Democrats also converted eight of 12 districts that Trump won in 2016 but that Obama had won in 2012. Republicans did better in the districts won by Trump in 2016 and Romney in 2012, which constituted more than half of all the competitive districts, but Democrats still managed to convert nearly a third of them.

California delivered the most significant blow to the Republicans. The party there has been in a long decline, and Trump’s presidency has made things worse. Democrats will pick up at least six seats in California, with a seventh possible. The lone competitive seat that remained in GOP hands was that of Rep. Duncan D. Hunter, who is under indictment on allegations of making personal use of campaign funds.

House Majority Leader Kevin McCarthy (R-Calif.) has closely allied himself with the president, and he was among those who pushed to include an initiative on the fall ballot to repeal a state gasoline tax increase that the California legislature approved to fund repairs of roads and bridges.

McCarthy hoped the repeal initiative would spur Republican turnout and thereby protect some of his party’s endangered seats. Instead, by a 55 percent majority, the initiative was defeated. Rural voters supported it; urban voters opposed it. That vote in microcosm was one more example of the urban-rural divide that is now one of the most defining features of current politics.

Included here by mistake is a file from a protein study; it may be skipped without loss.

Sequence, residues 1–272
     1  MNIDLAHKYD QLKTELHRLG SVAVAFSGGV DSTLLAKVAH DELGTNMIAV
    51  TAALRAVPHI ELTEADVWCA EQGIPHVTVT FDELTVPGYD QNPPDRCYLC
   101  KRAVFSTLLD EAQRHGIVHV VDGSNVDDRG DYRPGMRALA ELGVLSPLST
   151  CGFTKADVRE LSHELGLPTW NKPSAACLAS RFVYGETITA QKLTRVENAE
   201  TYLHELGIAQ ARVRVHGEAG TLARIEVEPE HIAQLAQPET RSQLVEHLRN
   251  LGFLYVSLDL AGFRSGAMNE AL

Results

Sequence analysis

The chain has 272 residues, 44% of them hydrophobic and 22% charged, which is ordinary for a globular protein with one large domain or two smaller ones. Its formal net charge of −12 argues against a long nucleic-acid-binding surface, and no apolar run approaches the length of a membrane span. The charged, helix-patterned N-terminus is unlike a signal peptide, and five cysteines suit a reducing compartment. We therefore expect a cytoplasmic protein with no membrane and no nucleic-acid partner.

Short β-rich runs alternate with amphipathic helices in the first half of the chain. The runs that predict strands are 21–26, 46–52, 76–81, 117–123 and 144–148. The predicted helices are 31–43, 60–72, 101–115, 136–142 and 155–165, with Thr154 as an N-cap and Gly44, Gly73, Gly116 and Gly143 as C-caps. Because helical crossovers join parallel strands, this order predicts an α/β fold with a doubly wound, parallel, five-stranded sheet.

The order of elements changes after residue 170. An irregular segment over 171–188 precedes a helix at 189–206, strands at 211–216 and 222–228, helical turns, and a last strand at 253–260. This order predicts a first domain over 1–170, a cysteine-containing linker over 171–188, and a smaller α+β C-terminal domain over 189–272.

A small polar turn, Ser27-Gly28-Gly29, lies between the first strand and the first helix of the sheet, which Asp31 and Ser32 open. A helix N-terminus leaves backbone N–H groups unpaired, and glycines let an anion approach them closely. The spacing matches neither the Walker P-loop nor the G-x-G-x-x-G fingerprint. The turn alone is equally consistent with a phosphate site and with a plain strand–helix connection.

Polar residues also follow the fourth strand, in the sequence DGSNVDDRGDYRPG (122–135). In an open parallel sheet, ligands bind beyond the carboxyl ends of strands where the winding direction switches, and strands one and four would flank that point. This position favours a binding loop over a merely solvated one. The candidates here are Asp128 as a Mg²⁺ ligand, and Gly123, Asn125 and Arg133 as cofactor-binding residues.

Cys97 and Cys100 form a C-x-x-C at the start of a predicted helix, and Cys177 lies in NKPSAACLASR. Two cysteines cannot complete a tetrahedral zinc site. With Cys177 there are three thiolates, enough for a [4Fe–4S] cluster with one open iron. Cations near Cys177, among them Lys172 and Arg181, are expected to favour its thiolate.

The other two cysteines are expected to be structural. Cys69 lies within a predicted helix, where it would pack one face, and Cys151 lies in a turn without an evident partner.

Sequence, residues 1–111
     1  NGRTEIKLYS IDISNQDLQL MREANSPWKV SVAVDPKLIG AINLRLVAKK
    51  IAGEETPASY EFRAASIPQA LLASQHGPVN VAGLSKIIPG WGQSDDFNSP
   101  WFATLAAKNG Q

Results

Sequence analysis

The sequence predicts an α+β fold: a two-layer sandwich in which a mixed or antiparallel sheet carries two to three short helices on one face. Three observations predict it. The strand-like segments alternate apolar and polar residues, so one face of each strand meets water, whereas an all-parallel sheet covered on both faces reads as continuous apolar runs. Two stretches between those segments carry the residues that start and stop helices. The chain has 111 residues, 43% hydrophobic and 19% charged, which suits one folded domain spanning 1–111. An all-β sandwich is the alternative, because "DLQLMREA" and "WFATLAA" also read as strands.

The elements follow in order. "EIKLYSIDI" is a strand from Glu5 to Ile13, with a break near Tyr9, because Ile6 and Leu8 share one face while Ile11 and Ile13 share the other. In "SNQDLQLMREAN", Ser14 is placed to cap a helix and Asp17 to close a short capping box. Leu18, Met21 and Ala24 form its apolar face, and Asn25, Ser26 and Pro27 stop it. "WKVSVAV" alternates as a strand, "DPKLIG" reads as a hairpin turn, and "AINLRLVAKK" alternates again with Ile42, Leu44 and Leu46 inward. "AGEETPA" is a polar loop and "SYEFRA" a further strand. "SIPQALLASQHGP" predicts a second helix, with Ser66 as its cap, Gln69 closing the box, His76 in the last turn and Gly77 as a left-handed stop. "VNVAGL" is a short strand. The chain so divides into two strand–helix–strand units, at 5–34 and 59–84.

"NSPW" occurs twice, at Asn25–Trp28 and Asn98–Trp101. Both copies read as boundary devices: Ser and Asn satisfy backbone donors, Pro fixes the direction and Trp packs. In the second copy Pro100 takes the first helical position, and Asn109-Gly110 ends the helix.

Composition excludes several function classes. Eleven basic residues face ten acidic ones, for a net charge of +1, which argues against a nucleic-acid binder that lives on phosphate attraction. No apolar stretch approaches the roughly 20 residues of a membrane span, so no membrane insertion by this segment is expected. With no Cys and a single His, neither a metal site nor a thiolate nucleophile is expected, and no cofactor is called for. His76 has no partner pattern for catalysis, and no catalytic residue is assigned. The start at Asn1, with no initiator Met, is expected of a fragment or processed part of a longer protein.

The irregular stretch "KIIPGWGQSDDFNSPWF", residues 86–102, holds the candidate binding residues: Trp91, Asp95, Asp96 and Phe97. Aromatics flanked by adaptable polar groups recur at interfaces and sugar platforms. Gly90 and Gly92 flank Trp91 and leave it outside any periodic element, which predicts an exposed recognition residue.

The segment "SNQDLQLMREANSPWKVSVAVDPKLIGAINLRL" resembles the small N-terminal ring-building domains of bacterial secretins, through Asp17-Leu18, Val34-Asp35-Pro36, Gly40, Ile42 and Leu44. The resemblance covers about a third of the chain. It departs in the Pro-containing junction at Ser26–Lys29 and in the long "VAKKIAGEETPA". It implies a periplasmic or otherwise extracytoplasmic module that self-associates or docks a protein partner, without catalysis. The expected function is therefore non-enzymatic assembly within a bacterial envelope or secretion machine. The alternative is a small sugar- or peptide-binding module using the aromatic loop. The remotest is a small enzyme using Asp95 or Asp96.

Republican strategist Bruce Mehlman produced a set of charts analyzing the 2018 election, including one showing various fault lines within the electorate. They include divisions based on race, age, gender, education and geography. Race — whites vs. nonwhites — remains the biggest divide of all. But geography is by far the fastest growing, and now the urban-rural divide is almost as wide as the divide between whites and nonwhites.